• Mar 1st 2010 at 8:10AM
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Fisker Karma Aluminum Space Frame – Click above for high-res image

Fisker Automotive has finally taken the digital wraps off of the advanced aluminum space frame that the Karma plug-in hybrid (PHEV) will be built around. In lieu of enjoying a new concept vehicle at the Geneva Motor Show this week, Fisker fans will have to make due with this peek at the bones of the Karma, the part that gives the luxury car its "new levels of rigidity and strength that will give the world's first premium plug-in hybrid electric vehicle world-class ride and handling characteristics." The frame is made with 5,000- and 6,000-series aluminum alloys, which the all-knowing Wiki says are "suitable for cryogenic applications and low temperature work. However is susceptible to corrosion above 60°C" (the 5,000-series) and are made with magnesium and silicon alloys, "are easy to machine, and can be precipitation hardened, but not to the high strengths that 2000, and 7000 can reach" (the 6,000-series). Now you know.

You can read the original press release announcing the aluminum space frame here.

[Source: Fisker]

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    • 1 Second Ago
      • 5 Years Ago
      I don't like the idea of using aluminum for the structure of cars mainly because of how soft the metal is. Stainless steel is much better.

      Older vehicles were lighter in the past without modern alloys. The original Suburban weighed only 2,675 pounds!
      • 5 Years Ago
      "Karma's space frame is joined with 79 meters of precision CMT MIG welds and 1,058 self-piercing rivets."

      To me that dosn't sound like cool tech.
      • 5 Years Ago
      If you notice the section sizes are very large, which restricts the interior size of the occupant cabin and passenger comfort. Also, corrosion is a very serious problem unless special costly coatings are applied.

      Stainless steel chassis have a much better technology using new malleable materials, which would have a comparable weight and cost, but much smaller section size.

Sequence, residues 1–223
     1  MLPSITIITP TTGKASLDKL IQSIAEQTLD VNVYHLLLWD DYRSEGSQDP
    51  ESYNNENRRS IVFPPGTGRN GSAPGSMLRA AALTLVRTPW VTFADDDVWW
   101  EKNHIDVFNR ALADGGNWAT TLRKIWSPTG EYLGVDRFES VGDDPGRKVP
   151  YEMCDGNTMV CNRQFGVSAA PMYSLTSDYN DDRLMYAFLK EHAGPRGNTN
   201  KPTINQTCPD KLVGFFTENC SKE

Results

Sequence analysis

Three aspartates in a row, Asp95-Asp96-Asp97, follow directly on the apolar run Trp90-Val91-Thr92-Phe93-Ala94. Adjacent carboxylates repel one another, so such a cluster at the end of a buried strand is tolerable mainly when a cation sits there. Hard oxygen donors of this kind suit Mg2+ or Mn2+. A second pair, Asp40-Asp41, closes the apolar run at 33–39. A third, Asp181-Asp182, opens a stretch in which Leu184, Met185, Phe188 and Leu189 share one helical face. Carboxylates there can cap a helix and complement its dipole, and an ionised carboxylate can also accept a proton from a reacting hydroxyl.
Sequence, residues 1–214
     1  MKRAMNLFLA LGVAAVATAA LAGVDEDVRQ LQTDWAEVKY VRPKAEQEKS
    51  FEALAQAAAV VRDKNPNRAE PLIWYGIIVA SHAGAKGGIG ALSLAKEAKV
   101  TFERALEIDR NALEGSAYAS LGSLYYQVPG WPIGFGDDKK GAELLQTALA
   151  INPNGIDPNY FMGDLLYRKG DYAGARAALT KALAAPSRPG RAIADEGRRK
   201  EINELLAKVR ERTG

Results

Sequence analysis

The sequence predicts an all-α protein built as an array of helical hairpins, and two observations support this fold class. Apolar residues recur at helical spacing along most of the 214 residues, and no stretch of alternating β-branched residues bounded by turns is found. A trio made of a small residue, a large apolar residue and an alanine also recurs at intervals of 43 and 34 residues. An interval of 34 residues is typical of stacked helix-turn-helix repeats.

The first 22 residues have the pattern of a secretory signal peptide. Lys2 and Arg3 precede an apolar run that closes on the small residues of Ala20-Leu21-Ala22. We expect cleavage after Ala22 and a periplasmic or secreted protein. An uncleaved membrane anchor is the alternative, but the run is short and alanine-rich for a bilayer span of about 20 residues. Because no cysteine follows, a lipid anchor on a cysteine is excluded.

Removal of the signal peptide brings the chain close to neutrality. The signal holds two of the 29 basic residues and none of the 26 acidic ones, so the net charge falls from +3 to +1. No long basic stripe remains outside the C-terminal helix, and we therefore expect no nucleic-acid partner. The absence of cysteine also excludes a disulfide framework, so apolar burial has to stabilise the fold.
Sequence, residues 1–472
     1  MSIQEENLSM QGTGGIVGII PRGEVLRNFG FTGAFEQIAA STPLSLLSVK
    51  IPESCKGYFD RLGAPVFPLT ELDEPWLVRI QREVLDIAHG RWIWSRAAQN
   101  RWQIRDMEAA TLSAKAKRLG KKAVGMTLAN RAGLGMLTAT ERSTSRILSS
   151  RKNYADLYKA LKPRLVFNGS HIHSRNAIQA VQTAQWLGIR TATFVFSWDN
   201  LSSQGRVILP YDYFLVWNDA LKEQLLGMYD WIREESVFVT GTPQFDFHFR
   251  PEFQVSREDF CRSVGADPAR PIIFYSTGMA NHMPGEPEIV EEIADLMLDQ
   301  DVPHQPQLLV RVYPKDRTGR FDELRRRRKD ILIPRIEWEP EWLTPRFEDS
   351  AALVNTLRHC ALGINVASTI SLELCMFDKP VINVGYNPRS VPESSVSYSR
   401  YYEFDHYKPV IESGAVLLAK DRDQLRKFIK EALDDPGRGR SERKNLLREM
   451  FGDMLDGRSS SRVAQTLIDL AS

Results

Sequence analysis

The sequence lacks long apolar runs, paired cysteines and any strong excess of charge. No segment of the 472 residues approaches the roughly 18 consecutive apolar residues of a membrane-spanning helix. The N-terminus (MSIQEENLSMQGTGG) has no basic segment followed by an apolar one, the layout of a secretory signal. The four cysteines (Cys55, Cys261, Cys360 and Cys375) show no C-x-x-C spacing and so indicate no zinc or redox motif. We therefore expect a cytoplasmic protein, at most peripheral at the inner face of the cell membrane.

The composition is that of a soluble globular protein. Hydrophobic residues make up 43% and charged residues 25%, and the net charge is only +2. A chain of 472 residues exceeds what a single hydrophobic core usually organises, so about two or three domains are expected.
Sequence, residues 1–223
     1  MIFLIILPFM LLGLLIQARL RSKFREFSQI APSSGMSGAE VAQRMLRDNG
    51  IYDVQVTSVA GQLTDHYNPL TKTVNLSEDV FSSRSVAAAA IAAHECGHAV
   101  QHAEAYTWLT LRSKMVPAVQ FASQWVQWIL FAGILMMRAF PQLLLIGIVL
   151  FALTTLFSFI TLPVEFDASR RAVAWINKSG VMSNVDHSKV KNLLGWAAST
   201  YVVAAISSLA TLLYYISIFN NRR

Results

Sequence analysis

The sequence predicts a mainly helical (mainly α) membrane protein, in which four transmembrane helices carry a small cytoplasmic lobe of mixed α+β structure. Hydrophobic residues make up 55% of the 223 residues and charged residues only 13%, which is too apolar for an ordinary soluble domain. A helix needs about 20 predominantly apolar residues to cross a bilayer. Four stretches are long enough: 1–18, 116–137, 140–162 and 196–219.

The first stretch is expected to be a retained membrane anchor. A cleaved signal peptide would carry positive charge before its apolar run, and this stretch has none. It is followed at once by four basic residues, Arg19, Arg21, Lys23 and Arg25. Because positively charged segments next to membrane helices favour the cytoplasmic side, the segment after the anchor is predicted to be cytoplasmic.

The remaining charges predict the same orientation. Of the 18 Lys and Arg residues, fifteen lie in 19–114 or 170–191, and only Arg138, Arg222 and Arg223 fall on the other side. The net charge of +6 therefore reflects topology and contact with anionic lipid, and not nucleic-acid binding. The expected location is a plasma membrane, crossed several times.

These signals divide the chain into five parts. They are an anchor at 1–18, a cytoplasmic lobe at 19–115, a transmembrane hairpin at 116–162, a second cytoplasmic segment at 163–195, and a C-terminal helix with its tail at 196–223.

• 5 Years Ago
      This is a timely article -- a friend is building an airplane in his basement *from scratch*, and it uses 6061-T6 in 0.025" and 0.032" sheets, primarily. The whole plane has a dry weight of 620 pounds (including the 4-cylinder engine)! I'm thinking of using this building technique to build an EV.

      Typo patrol: "Know you know." I think this should be "Now you know."

      Sincerely, Neil
        • 5 Years Ago
        Yeah. It's so frustrating when items in our back-end software make typos hard to see (for whatever reason) but they're so blatant on the site. Thanks for noting it, and it's been fixed.
        • 5 Years Ago
        "Fisker fans will have to make due"

        That should be"make do", as in "To manage to get along with the means available".

        Fisker in December indicated Valmet would begin production of Karmas in May 2010. I know their low-volume production is not like GM's Volt with years of "Integration Vehicle Engineering Release" and pre-production testing, nevertheless the clock is ticking.
      • 5 Years Ago
      Can't wait to see these on the streets...

      (disclaimer: I own shares in QTWW)
      • 5 Years Ago
      I remember some time ago a bunch of students built a F1 car using vegetables, could this be used in regular autos?

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